Data, breeding and health are key to Norway’s dairy success

An all-encompassing dairy industry database, a strong breeding programme and an industry that supports national health initiatives have led Norway to its world-leading position in animal health.

And the high health status of their cattle means producers face minimal mastitis, metabolic or fertility problems and their related costs.

See also: EU animal health grants for pigs and poultry

Norway has had disease problems in the past, but Tormod Mørk, from the Norwegian Veterinary Institute, acknowledges that eradication programmes for TB, Brucellosis, BVD and Johne’s have been very effective.

“Ongoing surveillance testing, tightly regulated cattle movements and very limited imports of cattle and livestock products since the early 1990s have kept disease at bay,” he says.

An eradication programme for TB across Nordic countries saw the disease virtually disappear by 1963. BVD has been a more recent problem with about 25% of Norwegian cattle infected in 1986.

“It became very clear that losses to BVD were very high and the cost to the industry in 1992, when an industry eradication programme was launched, was estimated to be £4.2m,” adds Mr Mørk.

BVD eradication

The programme involved testing, identifying PI animals and culling. BVD was added to the list of notifiable diseases and movement restrictions for farms with positive animals were imposed.

In 1994, nearly one-third of Norway’s herds had movement restrictions but this dropped rapidly and the final restriction was lifted in 2006.

“The cost of BVD eradication from 1992-2006 was £5.24m. This was shared by the government, industry and in part by producers who had to slaughter PI animals and double fence their units.

Average health and fertility data, Norwegian dairy herds, 2014

  • Calving interval – 373 days
  • Age at first calving – 25.7 months
  • 2.7% stillborn
  • Somatic cell count – 127,000 cells/ml
  • 1.6 inseminations/pregnancy

“Now 10-12% of bulk milk samples are randomly Elisa tested for BVD. There are no BVD vaccination programmes on Norwegian dairy farms which could lead to false readings.

“Johne’s disease was also quite prevalent but testing and culling reduced incidences markedly, and since 1996 we have had 10 reported cases. We still have a surveillance programme in place,” he says.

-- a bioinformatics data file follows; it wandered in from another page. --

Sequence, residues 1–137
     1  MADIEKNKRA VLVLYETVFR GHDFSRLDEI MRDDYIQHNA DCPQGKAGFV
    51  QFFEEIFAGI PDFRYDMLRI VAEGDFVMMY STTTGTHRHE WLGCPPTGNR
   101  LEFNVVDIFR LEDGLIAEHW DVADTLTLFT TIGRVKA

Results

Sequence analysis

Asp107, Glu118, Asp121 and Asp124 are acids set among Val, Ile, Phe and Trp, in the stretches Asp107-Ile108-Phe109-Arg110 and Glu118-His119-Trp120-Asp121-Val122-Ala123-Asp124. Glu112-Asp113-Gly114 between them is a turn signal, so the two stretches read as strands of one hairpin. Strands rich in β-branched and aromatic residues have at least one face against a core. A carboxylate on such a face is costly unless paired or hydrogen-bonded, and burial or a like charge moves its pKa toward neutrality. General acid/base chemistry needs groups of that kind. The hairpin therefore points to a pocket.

Geno – the farmer co-operative that progeny tests 110 elite Norwegian Red sires a year – has increasingly weighted its breeding programme in favour of health and fertility traits in the past 40 years.

See also: Advice on tackling BVD

“We now have breeding goals that are 43% in favour of health and fertility, 28% for production, 23% for functional type traits and 6% for growth rate,” says Geno global director Tor Arne Sletmoen.

“This has been highly successful. Better fertility and less disease have played their part in milk yield increases to the current national average of 8,000kg at 4.2% fat and 3.4% protein.

“Management and data recording has played a part in these improvements too,” adds Mr Sletmoen.

National health card scheme

The introduction of a national health card scheme boosted health and fertility management in 1990.

For the past 25 years, each dairy farm has been legally obliged to record all health issues and any treatments must be signed by the vet. This information has been fed into the national database and used in the breeding programme.

“Its introduction coincided with a number of health initiatives, an increased weighting towards health and fertility in breeding goals and a dramatic reduction in antibiotic use in the dairy industry; a spin-off from consumer reaction to bad press surrounding excessive use of antibiotics in the salmon industry. In fact most antibiotics in herds were for mastitis and much of this was deemed unnecessary,” says Mr Sletmoen. 

“We have seen improvements in cattle health and a dramatic reduction in vet treatments in Norwegian dairy herds from 1.4 a cow a year in 1990 to 0.5 a cow a year. Half of this is attributed to the health and fertility breeding goals.”

Vet treatments on Norway’s dairy farms are typically for mastitis, retained placenta, milk fever or ketosis, but the rates are very low. Very little dry cow therapy is carried out in Norway.

“Our producers now recognise that although the milk cheque is important, the cost of production is equally significant with health and fertility on farm having a big impact on efficient dairying through better yields, easier cows and improved cow longevity,” he adds.